back to article It's happened: AWS signs Memorandum of Understanding for fluffy white services with UK.gov

Amazon Web Services is the final of the big three cloud providers to have put pen to paper to sell a range of cloud services to the British government under a pre-defined discount, The Reg can reveal. Under the so-called One Government Value Agreement (OGVA), a three-year Memorandum of Understanding between AWS and Crown …

  1. Woodnag

    The cloud server locations will be in the EU to meet GDPR, right?

    And provably so, too?

    1. EnviableOne Silver badge

      Re: The cloud server locations will be in the EU to meet GDPR, right?

      if your data is in the EU, you might have issues getting it back to the UK on Jan 1, if the UK doesnt get an equivalency agreement....

      1. Anonymous Coward
        Anonymous Coward

        Re: The cloud server locations will be in the EU to meet GDPR, right?

        Commercial suicide for any company that tries to pull that though.

      2. tobs

        Re: The cloud server locations will be in the EU to meet GDPR, right?

        Does it even matter if it's located in EU or UK? As a US service, I'm sure the US intermigence services will still hoover up the data with ease and retrospective FISA orders.

  2. doug_bostrom

    Shortly we'll come to understand that we never fully realized the real meaning of "lock-in."

    This move is essentially irreversible.

    At some point Amazon will need to be acknowledged as an embedded part of government. Will it be amenable to being subordinate to government interests, as a traditional IT department?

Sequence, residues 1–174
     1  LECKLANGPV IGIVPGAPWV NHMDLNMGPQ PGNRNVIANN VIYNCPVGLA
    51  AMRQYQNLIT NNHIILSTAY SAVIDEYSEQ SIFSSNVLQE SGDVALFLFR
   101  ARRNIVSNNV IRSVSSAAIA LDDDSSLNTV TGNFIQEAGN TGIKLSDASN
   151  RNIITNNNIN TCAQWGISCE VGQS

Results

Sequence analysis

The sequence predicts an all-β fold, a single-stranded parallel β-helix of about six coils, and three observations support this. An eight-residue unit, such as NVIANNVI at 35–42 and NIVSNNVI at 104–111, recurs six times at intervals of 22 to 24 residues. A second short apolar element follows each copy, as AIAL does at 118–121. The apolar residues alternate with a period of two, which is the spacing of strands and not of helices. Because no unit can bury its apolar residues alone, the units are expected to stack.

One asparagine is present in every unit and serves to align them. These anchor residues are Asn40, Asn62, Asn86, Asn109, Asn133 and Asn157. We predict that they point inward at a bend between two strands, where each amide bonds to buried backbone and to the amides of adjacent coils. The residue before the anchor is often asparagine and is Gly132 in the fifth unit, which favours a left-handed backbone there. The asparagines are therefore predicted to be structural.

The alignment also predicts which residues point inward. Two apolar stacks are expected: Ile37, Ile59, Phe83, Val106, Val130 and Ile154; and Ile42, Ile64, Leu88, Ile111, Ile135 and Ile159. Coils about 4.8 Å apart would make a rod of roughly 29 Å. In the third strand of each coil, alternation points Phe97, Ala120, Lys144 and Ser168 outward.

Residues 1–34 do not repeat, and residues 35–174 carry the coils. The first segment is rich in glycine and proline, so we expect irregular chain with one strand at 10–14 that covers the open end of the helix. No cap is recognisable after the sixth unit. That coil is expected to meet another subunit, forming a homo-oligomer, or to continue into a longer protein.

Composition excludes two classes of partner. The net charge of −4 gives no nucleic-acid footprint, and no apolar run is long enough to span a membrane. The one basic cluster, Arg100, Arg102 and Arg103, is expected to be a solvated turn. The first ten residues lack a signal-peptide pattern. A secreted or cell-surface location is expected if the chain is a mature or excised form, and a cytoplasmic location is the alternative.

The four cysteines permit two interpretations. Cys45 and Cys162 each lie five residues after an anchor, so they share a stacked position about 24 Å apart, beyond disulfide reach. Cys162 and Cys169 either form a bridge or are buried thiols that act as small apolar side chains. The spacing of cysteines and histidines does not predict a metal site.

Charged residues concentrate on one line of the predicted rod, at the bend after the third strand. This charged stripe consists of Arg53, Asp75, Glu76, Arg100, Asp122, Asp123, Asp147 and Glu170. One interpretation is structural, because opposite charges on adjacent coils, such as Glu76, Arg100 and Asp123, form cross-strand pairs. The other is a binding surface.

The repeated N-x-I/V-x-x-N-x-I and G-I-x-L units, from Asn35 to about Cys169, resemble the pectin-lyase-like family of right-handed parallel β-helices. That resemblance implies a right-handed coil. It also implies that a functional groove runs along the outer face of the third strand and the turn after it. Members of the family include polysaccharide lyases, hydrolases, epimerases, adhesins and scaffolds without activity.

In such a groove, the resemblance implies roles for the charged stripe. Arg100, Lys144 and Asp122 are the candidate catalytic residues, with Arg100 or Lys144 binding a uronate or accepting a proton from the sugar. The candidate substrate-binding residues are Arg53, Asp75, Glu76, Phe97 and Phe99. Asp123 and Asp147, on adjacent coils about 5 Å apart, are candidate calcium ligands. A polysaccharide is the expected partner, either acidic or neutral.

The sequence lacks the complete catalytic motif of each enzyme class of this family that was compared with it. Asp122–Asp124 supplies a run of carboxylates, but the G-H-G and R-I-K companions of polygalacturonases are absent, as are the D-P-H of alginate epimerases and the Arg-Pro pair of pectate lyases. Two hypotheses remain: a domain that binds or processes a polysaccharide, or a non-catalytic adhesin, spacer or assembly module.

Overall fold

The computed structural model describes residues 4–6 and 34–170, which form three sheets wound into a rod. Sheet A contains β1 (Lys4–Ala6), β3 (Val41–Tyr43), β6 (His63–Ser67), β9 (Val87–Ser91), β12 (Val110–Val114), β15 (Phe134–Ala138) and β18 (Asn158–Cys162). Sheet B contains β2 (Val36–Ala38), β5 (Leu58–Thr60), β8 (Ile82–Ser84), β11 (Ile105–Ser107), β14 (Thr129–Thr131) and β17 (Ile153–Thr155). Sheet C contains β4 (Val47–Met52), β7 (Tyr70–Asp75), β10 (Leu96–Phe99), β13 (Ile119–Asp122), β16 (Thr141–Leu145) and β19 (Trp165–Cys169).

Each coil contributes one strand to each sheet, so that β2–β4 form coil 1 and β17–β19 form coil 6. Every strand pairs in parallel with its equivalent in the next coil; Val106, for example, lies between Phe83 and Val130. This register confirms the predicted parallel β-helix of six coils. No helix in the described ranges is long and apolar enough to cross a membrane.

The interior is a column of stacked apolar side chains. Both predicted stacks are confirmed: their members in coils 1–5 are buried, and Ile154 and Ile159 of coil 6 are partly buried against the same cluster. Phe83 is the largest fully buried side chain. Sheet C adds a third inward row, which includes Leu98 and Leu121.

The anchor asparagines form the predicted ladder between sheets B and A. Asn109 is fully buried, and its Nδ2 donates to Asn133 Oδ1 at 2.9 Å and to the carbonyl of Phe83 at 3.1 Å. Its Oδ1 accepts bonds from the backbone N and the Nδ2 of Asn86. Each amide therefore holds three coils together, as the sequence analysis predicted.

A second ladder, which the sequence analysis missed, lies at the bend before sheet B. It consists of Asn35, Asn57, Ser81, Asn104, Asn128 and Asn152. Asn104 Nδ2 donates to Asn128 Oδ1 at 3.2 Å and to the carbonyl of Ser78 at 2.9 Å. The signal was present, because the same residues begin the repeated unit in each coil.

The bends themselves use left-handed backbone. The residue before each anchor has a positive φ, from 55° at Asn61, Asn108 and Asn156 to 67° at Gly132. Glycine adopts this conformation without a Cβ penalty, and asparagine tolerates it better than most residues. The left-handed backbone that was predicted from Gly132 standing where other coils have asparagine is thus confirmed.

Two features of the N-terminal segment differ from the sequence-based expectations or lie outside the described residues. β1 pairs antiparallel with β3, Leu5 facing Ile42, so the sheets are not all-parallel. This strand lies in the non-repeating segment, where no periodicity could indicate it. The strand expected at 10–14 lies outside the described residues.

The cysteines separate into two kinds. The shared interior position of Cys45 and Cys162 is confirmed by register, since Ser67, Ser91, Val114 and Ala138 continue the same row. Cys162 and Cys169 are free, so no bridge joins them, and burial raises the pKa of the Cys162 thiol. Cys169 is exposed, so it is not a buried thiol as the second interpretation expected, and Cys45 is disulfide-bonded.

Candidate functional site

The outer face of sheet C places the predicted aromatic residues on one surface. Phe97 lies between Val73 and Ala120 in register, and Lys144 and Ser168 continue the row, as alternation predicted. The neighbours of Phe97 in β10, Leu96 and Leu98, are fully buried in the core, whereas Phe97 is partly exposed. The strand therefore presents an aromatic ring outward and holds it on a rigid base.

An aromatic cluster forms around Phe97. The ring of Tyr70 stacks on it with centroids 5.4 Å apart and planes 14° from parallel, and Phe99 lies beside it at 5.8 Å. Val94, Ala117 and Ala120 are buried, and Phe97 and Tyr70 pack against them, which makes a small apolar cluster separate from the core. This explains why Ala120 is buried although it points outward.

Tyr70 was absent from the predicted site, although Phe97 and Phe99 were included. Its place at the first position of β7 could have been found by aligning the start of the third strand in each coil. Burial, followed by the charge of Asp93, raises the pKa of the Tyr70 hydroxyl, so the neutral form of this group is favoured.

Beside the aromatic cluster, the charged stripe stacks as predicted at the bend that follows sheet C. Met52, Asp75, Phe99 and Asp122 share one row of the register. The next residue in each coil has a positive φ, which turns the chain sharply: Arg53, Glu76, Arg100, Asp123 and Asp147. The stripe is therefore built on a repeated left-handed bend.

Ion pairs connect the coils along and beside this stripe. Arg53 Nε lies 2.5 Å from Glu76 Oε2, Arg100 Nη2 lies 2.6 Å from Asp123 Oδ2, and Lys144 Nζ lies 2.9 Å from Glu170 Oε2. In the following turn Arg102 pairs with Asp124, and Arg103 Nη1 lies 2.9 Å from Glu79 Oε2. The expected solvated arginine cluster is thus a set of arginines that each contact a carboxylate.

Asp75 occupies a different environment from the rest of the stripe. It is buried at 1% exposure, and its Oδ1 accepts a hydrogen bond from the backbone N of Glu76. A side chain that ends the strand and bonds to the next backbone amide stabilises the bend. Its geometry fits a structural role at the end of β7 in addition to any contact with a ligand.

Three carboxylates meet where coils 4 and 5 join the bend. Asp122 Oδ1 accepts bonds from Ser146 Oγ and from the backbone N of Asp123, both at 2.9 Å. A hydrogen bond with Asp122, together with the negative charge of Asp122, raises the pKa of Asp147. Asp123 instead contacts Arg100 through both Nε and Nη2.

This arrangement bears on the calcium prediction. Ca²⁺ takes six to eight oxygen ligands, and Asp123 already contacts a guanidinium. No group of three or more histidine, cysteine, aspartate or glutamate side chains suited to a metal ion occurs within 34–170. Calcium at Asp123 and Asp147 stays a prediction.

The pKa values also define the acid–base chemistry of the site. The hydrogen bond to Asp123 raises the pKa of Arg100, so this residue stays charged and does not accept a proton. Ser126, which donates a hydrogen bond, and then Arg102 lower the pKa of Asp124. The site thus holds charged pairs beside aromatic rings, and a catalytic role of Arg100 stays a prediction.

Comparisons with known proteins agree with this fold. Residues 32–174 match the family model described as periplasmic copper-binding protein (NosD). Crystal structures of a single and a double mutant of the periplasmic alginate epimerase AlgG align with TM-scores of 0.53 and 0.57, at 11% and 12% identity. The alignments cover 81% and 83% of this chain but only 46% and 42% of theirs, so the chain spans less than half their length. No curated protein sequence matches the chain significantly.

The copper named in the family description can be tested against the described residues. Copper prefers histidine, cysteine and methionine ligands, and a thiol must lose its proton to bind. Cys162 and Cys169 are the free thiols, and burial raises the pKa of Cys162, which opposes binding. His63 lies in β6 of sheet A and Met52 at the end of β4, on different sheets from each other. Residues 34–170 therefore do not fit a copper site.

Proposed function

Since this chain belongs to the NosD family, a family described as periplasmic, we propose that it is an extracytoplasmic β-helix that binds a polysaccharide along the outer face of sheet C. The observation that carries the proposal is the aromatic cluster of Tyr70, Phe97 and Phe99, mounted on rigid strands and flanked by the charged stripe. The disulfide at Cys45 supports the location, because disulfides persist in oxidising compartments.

1. Robert Grant Silver badge

      Shortly we'll come to understand that we never fully realized the real meaning of "lock-in."

      This move is essentially irreversible.

      At some point Amazon will need to be acknowledged as an embedded part of government. Will it be amenable to being subordinate to government interests, as a traditional IT department?

      Has Oracle? Has Intel?

    2. Mine's a Large One

      I agree, but Government departments are already using Azure and other cloud platforms. There's no difference to me other than being locked-in to multiple providers.

    3. EnviableOne Silver badge
      Black Helicopters

      I think you have it the wrong way round

      AWS have governments by the short an curlies, not the other way round

      If Jeff says jump or your data disapears, governments will jump

      1. Halfmad

        Re: I think you have it the wrong way round

        Government would sue AND jump.

  3. noboard

    Forget the discount

    What happens once the three years are up> Given it's likely to take at least a year for a department to start using their services, is this a small discount and then whacking them with full price once the deal expires?

    1. dedmonst

      Re: Forget the discount

      Given that this is Amazon's standard business model (enter a market, undercut everyone else while making no money, drive out the competition and then inflate prices) you can be sure this is esactly what will be happening.

    2. Anonymous Coward
      Anonymous Coward

      Re: Forget the discount

      Same thing that happens with any term contract, you either renew or don't - if you do renew you get a chance to renegotiate, and if you don't renew you either stop using the service (and therefore stop paying - the 'magic' of cloud!) or you go to non-contract pricing. Pretty much standard contract approach unless you know different?

      Would you suggest instead that the government signs a 10 year contract, 20 year contract? Given that AWS reduces prices reglarly (please check facts before you decide to troll this comment) it makes perfect sense for the govt to give themselves a chance to re-look at their usage and re-negotiate after a fixed period.